Oh crap.

As I was clinched harder than I knew was possible I was driven to the other side of the dojo by massive sledgehammer blows that had me practically seeing stars. The visiting instructor’s giant forearm was wedged viciously under my jaw and I was alternately slammed by the knees and rammed backwards with his iron arm in my throat. It was epic and I actually did better than I originally feared.


Interestingly, it turns out the guy I was partnered with was holding back, off to the side, quietly simmering since he got called aside. He was probably feeling frustrated and humiliated for getting put on the bench and I could tell in his face that he was determined to do better. As I partnered up with him again he was like a demon possessed and gave a performance that almost rivaled the visiting instructor’s, driving me back — again — with powerful, driving knees and a mad look of determination on his face. Yeah, I was having quite the night.

There are a bunch of lessons I think can be taken from this anecdote and I’ll leave it to you to draw your own conclusions. I myself was made aware of how a senior practitioner can belittle someone without even meaning to. I hope to avoid that in the future as I climb the ranks. I also found out that, if I can withstand that punishment from the massively powerful visiting instructor, I can probably handle anyone’s knees in the class as well. Finally, I saw how determination can make all the difference. Comparing my partner’s performance from the first attempt to the second was night and day. When he got his second chance he let go of all inhibitions and gave it his all. I’m here to tell you that it was like a completely different person and I was very impressed by the difference. I always want to train like he did that second go-around and so should you.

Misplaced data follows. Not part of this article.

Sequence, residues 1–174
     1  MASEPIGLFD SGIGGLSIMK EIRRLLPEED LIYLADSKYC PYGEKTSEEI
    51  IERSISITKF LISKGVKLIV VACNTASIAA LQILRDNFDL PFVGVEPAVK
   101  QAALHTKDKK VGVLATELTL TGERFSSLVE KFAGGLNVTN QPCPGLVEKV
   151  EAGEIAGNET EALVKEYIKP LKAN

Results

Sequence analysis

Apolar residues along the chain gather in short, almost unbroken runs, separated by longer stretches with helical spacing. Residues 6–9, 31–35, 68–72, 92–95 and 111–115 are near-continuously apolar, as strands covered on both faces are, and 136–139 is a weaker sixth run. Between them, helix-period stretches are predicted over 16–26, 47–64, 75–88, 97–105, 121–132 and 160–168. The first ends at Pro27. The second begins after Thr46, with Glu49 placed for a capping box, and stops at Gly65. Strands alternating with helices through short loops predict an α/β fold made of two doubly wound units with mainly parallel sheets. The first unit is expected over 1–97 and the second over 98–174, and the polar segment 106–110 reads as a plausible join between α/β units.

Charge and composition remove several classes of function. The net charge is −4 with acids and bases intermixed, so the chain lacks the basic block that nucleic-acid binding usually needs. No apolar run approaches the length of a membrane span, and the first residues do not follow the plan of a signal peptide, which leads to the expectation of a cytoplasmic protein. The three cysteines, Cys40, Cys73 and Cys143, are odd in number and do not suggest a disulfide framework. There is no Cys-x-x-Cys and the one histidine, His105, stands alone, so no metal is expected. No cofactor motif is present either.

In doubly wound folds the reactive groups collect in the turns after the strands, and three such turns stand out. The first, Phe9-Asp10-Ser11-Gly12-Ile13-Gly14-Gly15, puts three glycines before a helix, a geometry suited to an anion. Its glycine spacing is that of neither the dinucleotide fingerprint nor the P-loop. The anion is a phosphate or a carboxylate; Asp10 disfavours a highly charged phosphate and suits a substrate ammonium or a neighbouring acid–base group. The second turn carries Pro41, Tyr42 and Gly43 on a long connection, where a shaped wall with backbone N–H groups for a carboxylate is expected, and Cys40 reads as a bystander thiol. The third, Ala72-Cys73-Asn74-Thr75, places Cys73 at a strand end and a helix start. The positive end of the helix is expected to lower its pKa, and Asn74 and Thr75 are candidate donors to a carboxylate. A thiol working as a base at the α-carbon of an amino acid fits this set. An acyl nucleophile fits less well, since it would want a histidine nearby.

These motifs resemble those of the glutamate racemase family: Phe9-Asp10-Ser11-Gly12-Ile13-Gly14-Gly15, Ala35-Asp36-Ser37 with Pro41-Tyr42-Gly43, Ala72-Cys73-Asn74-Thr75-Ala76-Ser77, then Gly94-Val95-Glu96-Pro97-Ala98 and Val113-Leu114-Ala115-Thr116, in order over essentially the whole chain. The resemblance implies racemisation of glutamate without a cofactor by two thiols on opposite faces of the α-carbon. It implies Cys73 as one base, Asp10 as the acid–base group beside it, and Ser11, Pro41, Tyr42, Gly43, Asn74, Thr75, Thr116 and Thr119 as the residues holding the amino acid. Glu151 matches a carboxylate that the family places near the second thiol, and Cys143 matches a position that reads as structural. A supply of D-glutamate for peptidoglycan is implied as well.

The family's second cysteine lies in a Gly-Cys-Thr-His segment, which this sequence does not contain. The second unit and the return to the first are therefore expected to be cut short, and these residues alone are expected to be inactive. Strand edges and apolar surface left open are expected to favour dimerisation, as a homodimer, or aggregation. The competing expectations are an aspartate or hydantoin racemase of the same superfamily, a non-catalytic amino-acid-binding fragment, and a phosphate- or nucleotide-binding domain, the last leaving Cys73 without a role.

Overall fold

1. CBJ Music says:

    Thank you for sharing your insights into your training, KMJ! I’m so enjoying revisiting memories of past training and comparing/contrasting my own lessons with the ones you are sharing. What I am most impressed with is your ability to see the “big picture” and not get sucked in to one mindset. That’s not an easy thing to do. It means staying conscious and aware constantly. You were born an excellent martial artist, your training is just bringing it out of you.

    Keep up the great work!

    A fellow student of the martial arts,

    • Thanks very much for the nice comments. I am glad you are getting something out of my crazy ramblings! Please post your comments whenever you feel inclined as I’m always eager to hear about and learn from other people’s experiences.

  2. […] Always trying your hardest at all times. This is hard for some people. When some partners are not ‘up’ (i.e. not working the technique on the partner) they think it’s “not their turn” and get distracted. Maybe they don’t put their fullest into it. This is just obnoxious no matter how you slice it. […]